The aim of this randomized, double-blind clinical trial was to elucidate the impact of general anesthesia alone (GA) or supplemented with epidural anesthesia (EpiGA) on surgical stress response during laparoscopic cholecystectomy, using stress hormones, glucose, and C-reactive protein (CRP), as potential markers. Sixty-two patients scheduled to undergo elective laparoscopic cholecystectomy were randomly assigned into two groups to receive either GA or EpiGA. Stress hormones [cortisol (COR), human growth hormone (hGH), prolactine (PRL)], glucose, and CRP were determined 1 day before surgery, intraoperatively, and upon first postoperative day (POD1). Plasma COR, hGH, PRL, and glucose levels were maximized intraoperatively in GA and EpiGA groups and reverted almost to baseline on POD1. Significant between-group differences were detected for COR and glucose either intraoperatively or postoperatively, but this was not the case for hGH. PRL was elevated in GA group only intraoperatively. Although, CRP was minimally affected intraoperatively, a notable augmentation on POD1, comparable in both groups, was recorded. These results indicate that hormonal and metabolic stress response is slightly modulated by the use of epidural block supplemented by general anesthesia, in patients undergoing laparoscopic cholecystectomy cholecystectomy. Nevertheless, inflammatory reaction as assessed by CRP seems to be unaffected by the anesthesia regimen.



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Lead through needle technique for placing spinal cord stimulator leads: a novel alternative to the loss of resistance technique

The loss of resistance (LOR) technique has been the traditional technique used to place the percutaneous spinal cord stimulator (SCS) leads into the epidural space under fluoroscopic guidance. The LOR technique was developed long before the use of fluoroscopy in guiding the placement. The technique depends on sudden LOR once the needle tip passes through the ligamentum flavum [1,2].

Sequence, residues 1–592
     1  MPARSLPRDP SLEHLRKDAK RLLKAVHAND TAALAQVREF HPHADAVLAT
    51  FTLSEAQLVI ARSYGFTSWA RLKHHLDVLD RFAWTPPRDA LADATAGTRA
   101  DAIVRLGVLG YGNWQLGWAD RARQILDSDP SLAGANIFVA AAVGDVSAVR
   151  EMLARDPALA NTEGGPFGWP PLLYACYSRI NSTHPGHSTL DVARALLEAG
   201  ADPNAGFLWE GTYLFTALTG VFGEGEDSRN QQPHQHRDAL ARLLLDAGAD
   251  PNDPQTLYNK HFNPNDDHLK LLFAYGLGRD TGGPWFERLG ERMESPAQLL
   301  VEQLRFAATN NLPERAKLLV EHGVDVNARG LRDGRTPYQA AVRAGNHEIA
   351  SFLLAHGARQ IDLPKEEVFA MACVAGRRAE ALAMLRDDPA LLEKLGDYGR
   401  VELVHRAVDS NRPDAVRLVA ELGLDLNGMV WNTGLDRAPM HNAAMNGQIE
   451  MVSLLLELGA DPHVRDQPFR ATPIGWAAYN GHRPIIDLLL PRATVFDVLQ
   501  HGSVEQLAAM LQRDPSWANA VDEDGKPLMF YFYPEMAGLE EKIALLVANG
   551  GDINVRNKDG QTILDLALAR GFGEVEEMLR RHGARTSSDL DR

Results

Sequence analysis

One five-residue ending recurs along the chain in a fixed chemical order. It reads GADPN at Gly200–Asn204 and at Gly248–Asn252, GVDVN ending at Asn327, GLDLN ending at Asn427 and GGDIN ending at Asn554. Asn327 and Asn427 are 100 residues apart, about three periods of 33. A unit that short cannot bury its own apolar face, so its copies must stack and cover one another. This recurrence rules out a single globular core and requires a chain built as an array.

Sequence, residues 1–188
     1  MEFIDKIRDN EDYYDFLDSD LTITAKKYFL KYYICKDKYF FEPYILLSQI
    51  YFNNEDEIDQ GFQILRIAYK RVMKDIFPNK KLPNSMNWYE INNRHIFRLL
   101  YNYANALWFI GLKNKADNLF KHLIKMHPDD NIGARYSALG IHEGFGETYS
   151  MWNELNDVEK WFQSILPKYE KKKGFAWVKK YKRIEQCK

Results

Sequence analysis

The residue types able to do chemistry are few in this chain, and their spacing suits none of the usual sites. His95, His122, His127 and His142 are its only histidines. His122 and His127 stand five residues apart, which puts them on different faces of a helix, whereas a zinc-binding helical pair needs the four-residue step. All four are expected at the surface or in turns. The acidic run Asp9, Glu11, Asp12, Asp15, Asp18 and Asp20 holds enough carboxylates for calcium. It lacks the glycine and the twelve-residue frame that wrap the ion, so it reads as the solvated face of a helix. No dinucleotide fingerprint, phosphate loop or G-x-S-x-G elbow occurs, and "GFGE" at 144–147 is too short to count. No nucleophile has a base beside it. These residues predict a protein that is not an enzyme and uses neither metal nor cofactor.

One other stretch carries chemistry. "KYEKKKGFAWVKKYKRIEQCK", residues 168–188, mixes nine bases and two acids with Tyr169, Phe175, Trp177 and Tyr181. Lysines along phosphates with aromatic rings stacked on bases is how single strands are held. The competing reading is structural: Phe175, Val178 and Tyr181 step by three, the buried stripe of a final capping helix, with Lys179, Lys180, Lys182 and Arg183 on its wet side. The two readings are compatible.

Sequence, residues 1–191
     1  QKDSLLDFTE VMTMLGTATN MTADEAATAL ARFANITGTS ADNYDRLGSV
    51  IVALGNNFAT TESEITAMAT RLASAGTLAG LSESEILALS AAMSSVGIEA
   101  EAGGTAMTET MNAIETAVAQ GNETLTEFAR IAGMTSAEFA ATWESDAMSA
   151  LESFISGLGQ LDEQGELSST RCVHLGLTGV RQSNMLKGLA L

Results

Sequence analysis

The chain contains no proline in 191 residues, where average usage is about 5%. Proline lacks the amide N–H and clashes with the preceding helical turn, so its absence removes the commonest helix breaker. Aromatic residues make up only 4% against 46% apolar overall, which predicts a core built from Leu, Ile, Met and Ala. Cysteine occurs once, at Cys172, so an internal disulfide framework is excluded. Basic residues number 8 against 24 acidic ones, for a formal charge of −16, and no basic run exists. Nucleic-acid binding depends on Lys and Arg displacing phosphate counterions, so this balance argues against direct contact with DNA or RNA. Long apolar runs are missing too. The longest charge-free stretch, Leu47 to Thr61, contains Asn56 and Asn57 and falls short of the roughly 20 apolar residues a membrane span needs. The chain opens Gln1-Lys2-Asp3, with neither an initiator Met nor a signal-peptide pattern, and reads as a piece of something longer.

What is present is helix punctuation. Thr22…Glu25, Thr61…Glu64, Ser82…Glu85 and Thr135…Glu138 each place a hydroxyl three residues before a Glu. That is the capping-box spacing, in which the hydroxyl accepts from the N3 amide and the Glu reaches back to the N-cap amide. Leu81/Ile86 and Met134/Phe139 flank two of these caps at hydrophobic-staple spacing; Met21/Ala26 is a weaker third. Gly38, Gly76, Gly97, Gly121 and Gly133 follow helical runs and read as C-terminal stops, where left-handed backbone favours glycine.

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EMS battalion chief talks about his heart attack and rescue

Minutes mattered when Howard County Fire & Rescue Battalion Chief Jimmy Brothers suffered a massive heart attack. Ironically, he had helped train the first responders on the lifesaving cardiac protocol that would save his life.

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Spinal Cord Injury – Quality of Life Resilience

Acronym:

SCI-QOL Resilience

Purpose:

Assess attributes of resilience in individuals with spinal cord injury.

Description:

The SCI-QOL Resilience measure is an item response theory (IRT)-calibrated item bank with 21 items that is available for administration as a computer adaptive test (CAT; range 4-12 items) or short form (SF).

Area of Assessment: Mental Health, Positive Affect, Self-Efficacy, Stress and Coping
Body Part: Not Applicable
ICF Domain: Body Function
Domain: Emotion
Assessment Type: Patient Reported Outcomes
Length of Test: 05 Minutes or Less
Time to Administer:

5 minutes

Number of Items: There are 21 items in the entire item bank. The short form has 8 items. The CAT can present 4-12 items, depending on the user's time vs. accuracy preferences.